When I look up at the almost sheer, 2,500 foot, 750m, vegetation-naked cliffs of the escarpment of La Merica above the wild (and naked bathers’) beach of Playa del Inglés on La Gomera, I wonder how even lizards could have survived there.
There are no more than a dozen, narrow, semi-level rock scars five or six metres long and 2,000 feet up, that would afford a foothold for a clawed creature and a few succulent plants on which they might live.
Unbelievably, these broken rock ‘shelves’ were also reached by death-defying feral cats who went there to eat the lizards. This appalling practice has now been stopped. The cats didn’t realise it was appalling; they could not have realised that these lizards were among the earth’s creatures most threatened with extinction.
They were the Giant Lizards of La Gomera, declared extinct in the 19th century, and thought to remain so until a derring-do team of scientists from the university of La Laguna on Tenerife abseiled into action down the cliff face having heard rumours of life on the ledges below the rim.
The lizards are up to 65cm, about two foot long, nose to tail, and can weigh 550gm. Not actually Komodo dragons, you’d say, but impressive, compared with your common or garden lizard and found nowhere else but on this small island of La Gomera, which is almost circular and just 50km in diameter. There are other ‘giant’ lizards on other Canary Islands, but none as famous as the wild Gomeros, for they were, literally, brought back from the brink of extinction by biologists who found them, led by Juan Carlos Rando.
Their decrease had been gradual, but they would not survive much longer. They had been driven, for the previous 500 years, since man arrived on the islands with his rats and cats, to last refuges like the cliff face of La Merica. But they weren’t safe there, for cats could reach them, and rodents could reach their eggs. Their small population would have finally been annihilated. Another species (which, who knows, could prove of great value to mankind, as have many humble creatures) would be gone from the face of the earth.
For 10 million years, they had lived apparently blameless lives on this remote island. They were once plentiful and lived in almost every habitat. Many fossils have been found, sometimes in the nearly inaccessible caves where the Guanches – aboriginals who arrived from North Africa long before the island’s ‘discovery’ – laid their dead, swaddled like the mummified bodies of ancient Egypt and Peru.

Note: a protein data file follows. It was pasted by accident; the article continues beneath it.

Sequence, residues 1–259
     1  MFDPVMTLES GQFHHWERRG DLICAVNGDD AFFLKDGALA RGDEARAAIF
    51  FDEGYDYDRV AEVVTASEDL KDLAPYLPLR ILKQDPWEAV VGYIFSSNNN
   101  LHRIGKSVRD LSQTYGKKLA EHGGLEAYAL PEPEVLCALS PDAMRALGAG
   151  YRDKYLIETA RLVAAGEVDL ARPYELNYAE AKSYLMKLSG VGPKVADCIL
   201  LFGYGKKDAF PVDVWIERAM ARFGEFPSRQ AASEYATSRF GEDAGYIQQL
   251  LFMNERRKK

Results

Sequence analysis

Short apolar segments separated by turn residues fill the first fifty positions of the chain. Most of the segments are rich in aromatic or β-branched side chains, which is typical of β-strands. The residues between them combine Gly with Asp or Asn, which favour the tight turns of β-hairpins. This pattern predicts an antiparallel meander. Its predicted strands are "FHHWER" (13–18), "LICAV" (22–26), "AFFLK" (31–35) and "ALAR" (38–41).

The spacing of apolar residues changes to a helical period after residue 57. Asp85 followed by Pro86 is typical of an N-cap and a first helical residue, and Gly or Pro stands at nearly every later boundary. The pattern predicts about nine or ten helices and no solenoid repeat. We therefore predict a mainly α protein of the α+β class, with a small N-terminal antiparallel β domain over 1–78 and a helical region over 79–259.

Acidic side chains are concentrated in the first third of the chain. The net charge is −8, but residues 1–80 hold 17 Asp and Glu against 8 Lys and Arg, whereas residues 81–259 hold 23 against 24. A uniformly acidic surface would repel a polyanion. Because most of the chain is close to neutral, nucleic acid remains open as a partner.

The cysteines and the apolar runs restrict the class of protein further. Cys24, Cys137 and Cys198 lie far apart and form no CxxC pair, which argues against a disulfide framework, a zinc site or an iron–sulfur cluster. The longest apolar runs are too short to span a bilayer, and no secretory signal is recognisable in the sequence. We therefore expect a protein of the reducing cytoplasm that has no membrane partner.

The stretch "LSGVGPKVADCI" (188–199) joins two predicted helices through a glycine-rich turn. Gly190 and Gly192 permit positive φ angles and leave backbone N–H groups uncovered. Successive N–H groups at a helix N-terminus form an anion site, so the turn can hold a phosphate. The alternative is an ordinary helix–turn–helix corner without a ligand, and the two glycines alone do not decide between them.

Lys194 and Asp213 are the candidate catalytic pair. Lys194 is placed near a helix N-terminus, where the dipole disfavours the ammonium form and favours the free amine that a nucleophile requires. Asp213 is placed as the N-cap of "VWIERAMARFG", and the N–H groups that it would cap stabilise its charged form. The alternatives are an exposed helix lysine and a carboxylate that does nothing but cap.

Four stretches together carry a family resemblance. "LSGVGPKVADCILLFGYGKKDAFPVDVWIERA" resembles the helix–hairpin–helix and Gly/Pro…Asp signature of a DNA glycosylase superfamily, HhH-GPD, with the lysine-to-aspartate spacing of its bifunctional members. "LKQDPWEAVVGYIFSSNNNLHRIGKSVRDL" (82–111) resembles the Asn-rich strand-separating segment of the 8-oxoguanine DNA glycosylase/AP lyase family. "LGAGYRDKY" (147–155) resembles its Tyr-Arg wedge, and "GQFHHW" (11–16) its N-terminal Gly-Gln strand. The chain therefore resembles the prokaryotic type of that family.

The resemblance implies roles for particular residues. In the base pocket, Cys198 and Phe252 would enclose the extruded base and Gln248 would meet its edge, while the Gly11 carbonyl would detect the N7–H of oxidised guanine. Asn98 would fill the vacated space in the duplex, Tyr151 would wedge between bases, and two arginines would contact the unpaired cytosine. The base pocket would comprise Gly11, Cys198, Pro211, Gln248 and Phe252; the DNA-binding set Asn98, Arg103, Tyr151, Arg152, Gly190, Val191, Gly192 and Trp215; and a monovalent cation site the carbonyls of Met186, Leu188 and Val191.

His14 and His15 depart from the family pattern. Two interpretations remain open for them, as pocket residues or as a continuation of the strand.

The Guanches would have eaten them, as many races eat snakes and frogs. The lizards were bigger then, up to twice the length. Individuals within populations decrease in size when the population shrinks, perhaps because food is often simultaneously less available, or reproductive vigour wanes when survival pressure is immediate.
There are other endemic lizard species here. Most common are the female wall lizards, striped brown and yellow from nose to tail, delicate and pretty, compared with their big-headed, wide-mouthed blue-black mates, that sometimes fight fiercely.
The sleek skinks, shiny and sinuous as a spill of mercury, are my personal favourites. Moving close to the ground, for their legs are very short, given another million years of evolution and they may become snakes.
The grey and warty geckos come out as the sun goes down. Their young are beautiful when very small, and so transparent that one can see their hearts inside them, beating.
The giant lizards, although discovered in 1996, weren’t scientifically ‘described’ until 1999. An expert English herpetologist, Jim Pether, who had a study centre in Tenerife, was an important element in the establishment of a Recovery Centre for the Giant Lizard of the Gomera, just behind the Playa Inglés and directly below their ledge-habitats at two inaccessible sites on La Merica, 2km apart.
The management and success of the conservation programme is a great credit to the team and to the local administration of La Gomera. From 60 ‘recovered’ wild lizards in 1999, the population now numbers 780 individuals. Of these, 280 are retained as breeding stock to guarantee the continuity of the species. Juveniles are released after a ‘training’ period, orientating them to survival in the wild. The releases reinforce consolidation of populations and dispersal of the specimens in new areas where survival prospects are high. Presently, 500 roam free. In the past year about 100 individuals have been released, creating three small groups in an area that meets the requirements for species growth. The only danger remains feral cats, but measures are taken to eliminate them from the sensitive areas.